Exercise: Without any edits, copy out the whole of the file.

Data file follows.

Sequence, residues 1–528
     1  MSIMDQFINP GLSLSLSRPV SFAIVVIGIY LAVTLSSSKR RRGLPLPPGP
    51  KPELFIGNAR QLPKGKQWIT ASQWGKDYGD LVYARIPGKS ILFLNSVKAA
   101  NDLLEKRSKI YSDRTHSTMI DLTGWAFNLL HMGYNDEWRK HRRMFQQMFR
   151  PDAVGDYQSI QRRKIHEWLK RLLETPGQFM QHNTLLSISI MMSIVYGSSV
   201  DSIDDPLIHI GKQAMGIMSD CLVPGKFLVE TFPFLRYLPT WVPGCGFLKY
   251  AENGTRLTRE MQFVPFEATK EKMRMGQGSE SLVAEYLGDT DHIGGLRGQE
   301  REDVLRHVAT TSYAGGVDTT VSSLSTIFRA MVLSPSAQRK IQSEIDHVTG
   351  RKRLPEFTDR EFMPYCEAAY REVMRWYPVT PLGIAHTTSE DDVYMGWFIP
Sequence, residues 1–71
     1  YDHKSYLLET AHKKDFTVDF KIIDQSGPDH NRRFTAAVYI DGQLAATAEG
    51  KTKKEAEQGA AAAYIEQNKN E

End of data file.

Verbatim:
Sequence, residues 1–528
     1  MSIMDQFINP GLSLSLSRPV SFAIVVIGIY LAVTLSSSKR RRGLPLPPGP
    51  KPELFIGNAR QLPKGKQWIT ASQWGKDYGD LVYARIPGKS ILFLNSVKAA
   101  NDLLEKRSKI YSDRTHSTMI DLTGWAFNLL HMGYNDEWRK HRRMFQQMFR
   151  PDAVGDYQSI QRRKIHEWLK RLLETPGQFM QHNTLLSISI MMSIVYGSSV
   201  DSIDDPLIHI GKQAMGIMSD CLVPGKFLVE TFPFLRYLPT WVPGCGFLKY
   251  AENGTRLTRE MQFVPFEATK EKMRMGQGSE SLVAEYLGDT DHIGGLRGQE
   301  REDVLRHVAT TSYAGGVDTT VSSLSTIFRA MVLSPSAQRK IQSEIDHVTG
   351  RKRLPEFTDR EFMPYCEAAY REVMRWYPVT PLGIAHTTSE DDVYMGWFIP
Sequence, residues 1–71
     1  YDHKSYLLET AHKKDFTVDF KIIDQSGPDH NRRFTAAVYI DGQLAATAEG
    51  KTKKEAEQGA AAAYIEQNKN E